“Well, devil… Or should I call you Lucifer?”

“I do not care what you call me now. You will call me master soon enough.”

The bird hopped back a pace. “Well, Devil, what are you carrying in your fancy box?”

“Worms.” He neither broke his stride nor looked down at the Leonard.

“Worms?” Leonard half-laughed, half-chirped. “You have dirty worms writhing around in your fancy box?”

“I said as much.” There was an edge in the man’s voice; he seemed to be getting sick of the exchange.

“Whew,” whistled the Lark. “And I suppose you’ll give me a worm from your fancy box if I give you my soul?”

The man suddenly stopped. His walk had been so steady, so even, that halting was more unexpected and seemed more threatening, than a lurch forward. Effortlessly the man crouched down and hovered over the bird. “No, Leonard, I don’t care at all for your soul. I don’t care at all for you. Keep your soul and the two of you can be miserable together, your soul and body both feeling the weight of the other and hating each other for it. They are twin fools that deserve each other.”

Leonard, who had been prepared to fly away in an instant, found himself captivated, frozen with curiosity and a confused panic caused by the change in pace and tone. He flexed his wings as if to flutter away, but at that moment the man straightened up, adding a little bit of space between them, and softened his face. It was enough to obviate any real sense of danger, and rather than taking off, he jumped a few more inches back and waited to see what would happen next.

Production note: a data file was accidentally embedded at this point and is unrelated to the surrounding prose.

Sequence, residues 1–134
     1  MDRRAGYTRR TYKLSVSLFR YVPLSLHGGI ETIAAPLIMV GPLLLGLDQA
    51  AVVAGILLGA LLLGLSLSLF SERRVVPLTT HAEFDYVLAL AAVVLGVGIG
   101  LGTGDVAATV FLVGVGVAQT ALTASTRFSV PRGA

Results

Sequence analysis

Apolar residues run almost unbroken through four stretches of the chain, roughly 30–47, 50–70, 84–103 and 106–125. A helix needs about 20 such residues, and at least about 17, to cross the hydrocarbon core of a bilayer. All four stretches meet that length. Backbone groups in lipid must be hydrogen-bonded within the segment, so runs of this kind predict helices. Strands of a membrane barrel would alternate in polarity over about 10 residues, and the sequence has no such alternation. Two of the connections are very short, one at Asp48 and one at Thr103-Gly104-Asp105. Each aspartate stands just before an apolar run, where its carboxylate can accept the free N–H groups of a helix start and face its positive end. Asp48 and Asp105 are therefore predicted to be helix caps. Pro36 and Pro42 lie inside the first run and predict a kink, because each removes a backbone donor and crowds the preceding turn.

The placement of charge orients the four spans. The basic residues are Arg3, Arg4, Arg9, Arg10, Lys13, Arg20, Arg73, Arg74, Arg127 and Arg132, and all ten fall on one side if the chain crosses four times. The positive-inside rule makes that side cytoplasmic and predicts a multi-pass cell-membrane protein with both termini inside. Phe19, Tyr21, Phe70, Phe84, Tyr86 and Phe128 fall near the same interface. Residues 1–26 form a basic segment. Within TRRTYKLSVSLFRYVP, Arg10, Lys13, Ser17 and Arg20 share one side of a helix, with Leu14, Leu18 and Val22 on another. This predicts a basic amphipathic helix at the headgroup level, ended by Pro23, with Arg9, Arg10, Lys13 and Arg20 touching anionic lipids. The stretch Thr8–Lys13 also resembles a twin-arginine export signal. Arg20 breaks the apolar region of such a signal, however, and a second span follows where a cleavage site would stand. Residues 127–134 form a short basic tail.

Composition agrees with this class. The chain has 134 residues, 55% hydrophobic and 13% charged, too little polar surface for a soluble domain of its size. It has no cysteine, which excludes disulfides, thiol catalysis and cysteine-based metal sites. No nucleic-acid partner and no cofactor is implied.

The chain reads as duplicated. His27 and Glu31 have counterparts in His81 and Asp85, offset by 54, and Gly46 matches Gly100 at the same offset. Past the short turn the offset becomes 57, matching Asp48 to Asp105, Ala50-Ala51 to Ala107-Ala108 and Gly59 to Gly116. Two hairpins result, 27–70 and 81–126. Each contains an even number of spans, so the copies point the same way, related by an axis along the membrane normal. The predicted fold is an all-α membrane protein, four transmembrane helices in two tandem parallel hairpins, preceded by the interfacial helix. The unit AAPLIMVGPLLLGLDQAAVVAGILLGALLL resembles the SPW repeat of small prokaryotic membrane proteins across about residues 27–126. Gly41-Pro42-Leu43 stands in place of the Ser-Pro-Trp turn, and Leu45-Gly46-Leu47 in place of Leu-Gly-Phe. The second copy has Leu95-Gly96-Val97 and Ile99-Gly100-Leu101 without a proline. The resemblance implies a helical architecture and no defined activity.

The man opened the box and it was filled with worms. Fresh, fragrant worms. “You will find that I am above all things a reasonable man. There are plenty of worms in the world, and I have plenty of worms in this box, so my price must be cheap.”

Leonard was skeptical, not sure what the stranger was getting at, but suddenly happy about getting a real worm from the fake devil. “How cheap?”

“Let’s see,” the man looked Leonard over. It was the first time he seemed to give real thought to the conversation. “I have an abundance of worms; I’ll trade you one for whatever you have the most of.”

Leonard hopped back and thought for a second. Then he plucked a tiny, never-used, soon-to-molt feather out from under his wing, and threw it at the feet of the man. “There you go, Beelzebub,” he chirped out. “One feather. That’s what I have the most of.”

The man pulled out a worm with his thumb and forefinger, and threw it at the bird’s feet. “One worm,” he copied, closed the box, and walked away at his full pace without ever looking back.